What Is It?
Hyperkeratosis is a thickening of the outer layer of the skin. This outer layer contains a tough, protective protein called keratin.
This skin thickening is often part of the skin's normal protection against rubbing, pressure and other forms of local irritation. It causes calluses and corns on hands and feet. It can cause whitish areas inside the mouth.
Other forms of hyperkeratosis can occur as part of the skin's defense against:
Less often, hyperkeratosis develops on skin that has not been irritated. These types of hyperkeratosis may be part of an inherited condition. They may begin soon after birth and can affect skin on large areas of the body.
There are many examples of hyperkeratosis. They include:
Many forms of hyperkeratosis are painless. However, corns, calluses and plantar warts can cause a great deal of discomfort.
Depending on your specific pattern of skin symptoms, your doctor will ask whether you:
Sometimes, your doctor can diagnose the cause of your hyperkeratosis based on your history and symptoms and by examining your skin. This often is the case with corns, calluses, warts and chronic eczema.
If you have chronic eczema that could be allergy-related, the doctor may suggest allergy testing.
In some cases, a biopsy may be taken to confirm the diagnosis. In a biopsy, a small piece of tissue is removed to be examined in a laboratory. If your doctor suspects actinic keratoses, you may need to have a skin biopsy to confirm the diagnosis and to rule out skin cancer.
If your child develops many areas of hyperkeratosis, your doctor may review your family history and skin symptoms. This will help to determine if your child has an inherited disorder.
How long a particular form of hyperkeratosis lasts depends on its cause. For example, corns and calluses usually last as long as a person continues to wear poorly fitting shoes. Warts may disappear on their own. But this may take several months.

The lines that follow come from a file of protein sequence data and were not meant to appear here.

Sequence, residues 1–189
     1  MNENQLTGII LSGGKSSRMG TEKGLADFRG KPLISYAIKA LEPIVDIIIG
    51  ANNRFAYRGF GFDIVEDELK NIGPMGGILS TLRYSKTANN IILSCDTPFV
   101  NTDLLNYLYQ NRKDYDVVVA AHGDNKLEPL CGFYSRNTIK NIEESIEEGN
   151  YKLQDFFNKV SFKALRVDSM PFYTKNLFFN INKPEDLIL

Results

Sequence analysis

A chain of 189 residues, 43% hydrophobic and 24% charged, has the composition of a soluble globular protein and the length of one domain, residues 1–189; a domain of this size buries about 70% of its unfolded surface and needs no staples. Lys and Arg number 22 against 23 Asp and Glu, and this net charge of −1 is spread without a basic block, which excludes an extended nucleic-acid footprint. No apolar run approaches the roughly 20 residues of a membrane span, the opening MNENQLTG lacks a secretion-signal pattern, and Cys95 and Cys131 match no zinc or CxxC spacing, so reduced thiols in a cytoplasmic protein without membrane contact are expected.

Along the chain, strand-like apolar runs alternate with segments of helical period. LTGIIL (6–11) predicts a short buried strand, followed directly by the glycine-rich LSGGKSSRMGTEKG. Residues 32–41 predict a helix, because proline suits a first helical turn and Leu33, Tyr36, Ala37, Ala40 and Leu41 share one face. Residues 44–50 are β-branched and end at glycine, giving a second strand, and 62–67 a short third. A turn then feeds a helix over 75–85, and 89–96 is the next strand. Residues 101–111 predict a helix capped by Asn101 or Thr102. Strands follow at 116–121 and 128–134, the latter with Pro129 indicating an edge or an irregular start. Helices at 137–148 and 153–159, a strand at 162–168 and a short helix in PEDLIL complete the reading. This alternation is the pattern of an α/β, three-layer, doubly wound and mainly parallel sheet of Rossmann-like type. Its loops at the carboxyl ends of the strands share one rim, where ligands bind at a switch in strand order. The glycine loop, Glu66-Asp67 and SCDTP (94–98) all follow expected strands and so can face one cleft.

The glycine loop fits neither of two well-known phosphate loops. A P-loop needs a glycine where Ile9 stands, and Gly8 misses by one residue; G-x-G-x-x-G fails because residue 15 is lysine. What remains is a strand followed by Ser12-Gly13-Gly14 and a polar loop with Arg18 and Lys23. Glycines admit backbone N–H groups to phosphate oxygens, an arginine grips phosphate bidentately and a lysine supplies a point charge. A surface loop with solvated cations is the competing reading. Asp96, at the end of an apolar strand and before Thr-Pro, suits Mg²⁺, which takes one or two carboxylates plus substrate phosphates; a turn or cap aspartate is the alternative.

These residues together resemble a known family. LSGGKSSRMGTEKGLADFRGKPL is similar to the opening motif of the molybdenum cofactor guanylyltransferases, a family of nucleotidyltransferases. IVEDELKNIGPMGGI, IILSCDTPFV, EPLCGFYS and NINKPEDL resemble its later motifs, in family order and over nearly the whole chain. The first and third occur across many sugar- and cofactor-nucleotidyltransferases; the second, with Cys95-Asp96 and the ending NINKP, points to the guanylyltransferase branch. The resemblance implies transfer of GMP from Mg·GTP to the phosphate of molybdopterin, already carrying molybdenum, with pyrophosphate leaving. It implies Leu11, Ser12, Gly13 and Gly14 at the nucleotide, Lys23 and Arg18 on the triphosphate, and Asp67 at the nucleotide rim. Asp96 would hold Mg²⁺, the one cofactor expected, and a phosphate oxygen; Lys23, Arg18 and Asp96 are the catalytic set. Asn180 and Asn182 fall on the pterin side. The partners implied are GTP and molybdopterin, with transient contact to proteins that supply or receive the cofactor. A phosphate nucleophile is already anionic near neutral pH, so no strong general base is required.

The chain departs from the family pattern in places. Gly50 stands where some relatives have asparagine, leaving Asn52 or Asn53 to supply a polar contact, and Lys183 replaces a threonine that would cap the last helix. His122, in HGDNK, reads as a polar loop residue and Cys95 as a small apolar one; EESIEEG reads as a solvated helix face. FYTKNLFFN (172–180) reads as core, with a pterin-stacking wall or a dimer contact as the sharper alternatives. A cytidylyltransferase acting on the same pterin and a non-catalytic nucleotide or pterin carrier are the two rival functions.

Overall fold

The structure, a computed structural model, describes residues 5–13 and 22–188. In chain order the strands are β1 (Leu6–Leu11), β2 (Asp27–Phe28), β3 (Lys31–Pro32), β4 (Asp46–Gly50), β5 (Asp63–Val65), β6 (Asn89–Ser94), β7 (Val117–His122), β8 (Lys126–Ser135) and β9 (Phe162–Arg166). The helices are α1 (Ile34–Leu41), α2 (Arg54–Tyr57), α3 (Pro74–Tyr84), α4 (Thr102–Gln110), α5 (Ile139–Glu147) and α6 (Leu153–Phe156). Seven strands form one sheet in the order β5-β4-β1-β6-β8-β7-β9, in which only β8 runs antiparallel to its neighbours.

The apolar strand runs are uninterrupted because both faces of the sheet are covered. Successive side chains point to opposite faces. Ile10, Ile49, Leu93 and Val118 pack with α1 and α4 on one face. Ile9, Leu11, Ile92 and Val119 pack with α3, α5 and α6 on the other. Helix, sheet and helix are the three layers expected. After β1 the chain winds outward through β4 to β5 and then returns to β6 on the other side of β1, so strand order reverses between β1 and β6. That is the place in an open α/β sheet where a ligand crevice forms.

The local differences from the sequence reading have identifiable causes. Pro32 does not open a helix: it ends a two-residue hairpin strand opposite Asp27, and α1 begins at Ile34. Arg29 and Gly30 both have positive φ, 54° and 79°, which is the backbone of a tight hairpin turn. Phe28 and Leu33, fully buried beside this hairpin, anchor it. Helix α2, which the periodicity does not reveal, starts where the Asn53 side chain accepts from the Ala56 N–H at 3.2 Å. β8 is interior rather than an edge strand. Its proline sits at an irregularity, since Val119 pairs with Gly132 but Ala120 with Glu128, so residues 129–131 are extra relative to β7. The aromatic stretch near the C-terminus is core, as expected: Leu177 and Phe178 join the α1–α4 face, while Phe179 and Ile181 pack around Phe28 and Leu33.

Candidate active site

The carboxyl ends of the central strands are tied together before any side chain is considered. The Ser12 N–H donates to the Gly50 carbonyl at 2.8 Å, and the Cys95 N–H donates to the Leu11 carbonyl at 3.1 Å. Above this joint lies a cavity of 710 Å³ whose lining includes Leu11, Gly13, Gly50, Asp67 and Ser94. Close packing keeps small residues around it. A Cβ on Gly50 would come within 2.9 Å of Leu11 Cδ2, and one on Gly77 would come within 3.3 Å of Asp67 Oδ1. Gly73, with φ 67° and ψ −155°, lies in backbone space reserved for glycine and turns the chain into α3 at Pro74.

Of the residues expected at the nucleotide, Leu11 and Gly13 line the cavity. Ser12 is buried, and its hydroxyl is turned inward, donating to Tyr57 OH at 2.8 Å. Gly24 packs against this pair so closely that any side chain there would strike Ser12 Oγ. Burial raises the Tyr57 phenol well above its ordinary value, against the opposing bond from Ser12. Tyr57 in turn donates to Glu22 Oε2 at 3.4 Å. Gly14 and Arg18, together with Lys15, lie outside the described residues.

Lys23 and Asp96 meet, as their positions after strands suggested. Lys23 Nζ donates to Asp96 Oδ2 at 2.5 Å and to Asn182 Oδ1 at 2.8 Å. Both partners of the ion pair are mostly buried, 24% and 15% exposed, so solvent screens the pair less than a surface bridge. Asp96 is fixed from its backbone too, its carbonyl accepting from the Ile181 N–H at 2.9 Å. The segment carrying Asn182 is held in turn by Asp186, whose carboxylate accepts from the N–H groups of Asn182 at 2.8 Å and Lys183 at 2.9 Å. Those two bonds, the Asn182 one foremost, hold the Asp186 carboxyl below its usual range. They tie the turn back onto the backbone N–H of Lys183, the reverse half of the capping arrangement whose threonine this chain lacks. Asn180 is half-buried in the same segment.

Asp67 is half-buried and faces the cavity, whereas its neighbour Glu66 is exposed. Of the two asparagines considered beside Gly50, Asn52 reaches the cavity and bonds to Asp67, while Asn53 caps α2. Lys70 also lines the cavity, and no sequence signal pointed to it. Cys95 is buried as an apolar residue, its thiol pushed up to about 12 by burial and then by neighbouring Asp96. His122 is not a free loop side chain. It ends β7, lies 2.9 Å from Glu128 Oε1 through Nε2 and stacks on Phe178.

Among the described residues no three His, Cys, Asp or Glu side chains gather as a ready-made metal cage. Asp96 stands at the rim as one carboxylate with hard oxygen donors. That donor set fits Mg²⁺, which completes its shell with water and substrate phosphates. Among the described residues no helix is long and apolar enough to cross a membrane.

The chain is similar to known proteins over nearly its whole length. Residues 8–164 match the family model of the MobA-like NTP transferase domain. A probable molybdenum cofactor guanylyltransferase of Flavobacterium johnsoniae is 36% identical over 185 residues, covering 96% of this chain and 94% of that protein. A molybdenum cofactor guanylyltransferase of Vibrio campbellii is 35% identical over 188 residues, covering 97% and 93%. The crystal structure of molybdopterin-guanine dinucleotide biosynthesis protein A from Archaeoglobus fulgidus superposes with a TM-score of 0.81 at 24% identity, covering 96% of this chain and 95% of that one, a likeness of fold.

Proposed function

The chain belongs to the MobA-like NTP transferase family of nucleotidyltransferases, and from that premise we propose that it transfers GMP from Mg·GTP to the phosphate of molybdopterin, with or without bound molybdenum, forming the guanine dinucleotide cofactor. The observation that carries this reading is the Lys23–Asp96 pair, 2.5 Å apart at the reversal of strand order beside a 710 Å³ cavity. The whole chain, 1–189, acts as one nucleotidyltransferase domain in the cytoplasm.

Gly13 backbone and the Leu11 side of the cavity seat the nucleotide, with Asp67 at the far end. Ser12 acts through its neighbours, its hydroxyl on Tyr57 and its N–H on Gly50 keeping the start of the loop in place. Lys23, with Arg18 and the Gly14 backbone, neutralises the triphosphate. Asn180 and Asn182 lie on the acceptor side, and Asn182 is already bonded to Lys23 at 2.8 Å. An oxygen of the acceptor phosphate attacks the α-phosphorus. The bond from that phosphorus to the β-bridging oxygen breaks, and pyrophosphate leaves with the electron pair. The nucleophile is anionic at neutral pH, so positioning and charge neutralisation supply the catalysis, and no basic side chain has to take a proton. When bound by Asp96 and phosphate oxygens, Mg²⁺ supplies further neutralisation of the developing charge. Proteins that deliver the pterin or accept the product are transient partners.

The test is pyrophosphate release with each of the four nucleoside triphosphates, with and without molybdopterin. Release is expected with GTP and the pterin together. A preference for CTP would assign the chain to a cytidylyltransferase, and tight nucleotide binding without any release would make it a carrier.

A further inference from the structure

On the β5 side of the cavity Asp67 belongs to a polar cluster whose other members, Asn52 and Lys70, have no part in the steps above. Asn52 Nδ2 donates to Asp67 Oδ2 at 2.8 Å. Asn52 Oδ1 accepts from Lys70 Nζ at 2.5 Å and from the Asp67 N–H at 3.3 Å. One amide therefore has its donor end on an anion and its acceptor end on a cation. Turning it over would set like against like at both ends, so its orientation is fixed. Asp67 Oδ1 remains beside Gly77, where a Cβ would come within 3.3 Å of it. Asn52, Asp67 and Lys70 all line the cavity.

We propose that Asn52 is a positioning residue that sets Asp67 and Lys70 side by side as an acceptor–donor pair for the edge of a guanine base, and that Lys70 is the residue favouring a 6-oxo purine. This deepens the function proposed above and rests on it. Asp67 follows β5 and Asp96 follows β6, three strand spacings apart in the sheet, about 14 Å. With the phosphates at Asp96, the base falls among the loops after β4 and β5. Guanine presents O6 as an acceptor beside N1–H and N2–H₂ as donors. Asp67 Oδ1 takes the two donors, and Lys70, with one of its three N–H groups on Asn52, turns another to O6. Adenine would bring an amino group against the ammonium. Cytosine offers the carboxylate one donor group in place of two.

Once they develop, actinic keratoses or seborrheic keratoses are long-term conditions. They do not disappear without treatment.
Inherited forms of hyperkeratosis are lifelong conditions.
Some forms of hyperkeratosis are very easy to prevent:
The treatment of hyperkeratosis depends on the type and possible cause.
Don't shave away or cut a corn or callus on your own. Consult a health professional for advice and treatment.
If the treatment does not reach the layer of skin infected with the virus, the wart can come back in the same place. Repeat treatments may be necessary.
Warts can be treated at home with nonprescription remedies. Self-treatment will take longer for the wart to go away compared to treatment in a medical setting. Self-treatment may be more effective after you have been treated by a health care professional. This is especially true if a wart appears to be large or deep.
If you have diabetes or poor circulation, you should always be treated by a health care professional. This will help you to avoid injury and infection.
When to Call a Professional
Make an appointment to see a health care professional or podiatrist if:
People with diabetes should have their feet examined regularly by a health professional to avoid skin infections from corns, calluses or warts.
Adults should examine their skin regularly after age 20. This is particularly true for those who have a history of working or playing for long hours in the sun. If you are not sure how to examine your skin, ask your doctor for guidance.
If you think you have hyperkeratosis or eczema, schedule an appointment with a health care professional.
Whenever you notice that a skin growth or mole has changed color, size or shape, call your doctor for a more urgent appointment. Any new mole or other growth should be checked for signs of cancer.
If you have actinic keratoses, call your doctor for treatment.
Most forms of hyperkeratosis are local skin problems that have a good prognosis.
Actinic keratoses can develop into squamous cell skin cancer.
American Academy of Dermatology
P.O. Box 4014
Schaumburg, IL 60168-4014
American Podiatric Medical Association (APMA)
9312 Old Georgetown Road
Bethesda, MD 20814
National Cancer Institute (NCI)
U.S. National Institutes of Health
Public Inquiries Office
Building 31, Room 10A03
31 Center Drive, MSC 8322
Bethesda, MD 20892-2580